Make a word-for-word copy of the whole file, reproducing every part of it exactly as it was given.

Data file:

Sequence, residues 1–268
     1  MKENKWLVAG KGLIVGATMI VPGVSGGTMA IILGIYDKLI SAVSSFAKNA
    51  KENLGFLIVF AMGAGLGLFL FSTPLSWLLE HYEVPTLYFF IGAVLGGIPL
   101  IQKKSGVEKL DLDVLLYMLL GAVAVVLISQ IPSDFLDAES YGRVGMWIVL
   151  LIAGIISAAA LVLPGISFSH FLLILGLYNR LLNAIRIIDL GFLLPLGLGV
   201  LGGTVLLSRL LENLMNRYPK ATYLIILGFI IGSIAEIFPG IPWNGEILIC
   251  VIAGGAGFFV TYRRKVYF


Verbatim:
Sequence, residues 1–268
     1  MKENKWLVAG KGLIVGATMI VPGVSGGTMA IILGIYDKLI SAVSSFAKNA
    51  KENLGFLIVF AMGAGLGLFL FSTPLSWLLE HYEVPTLYFF IGAVLGGIPL
   101  IQKKSGVEKL DLDVLLYMLL GAVAVVLISQ IPSDFLDAES YGRVGMWIVL
   151  LIAGIISAAA LVLPGISFSH FLLILGLYNR LLNAIRIIDL GFLLPLGLGV
   201  LGGTVLLSRL LENLMNRYPK ATYLIILGFI IGSIAEIFPG IPWNGEILIC
   251  VIAGGAGFFV TYRRKVYF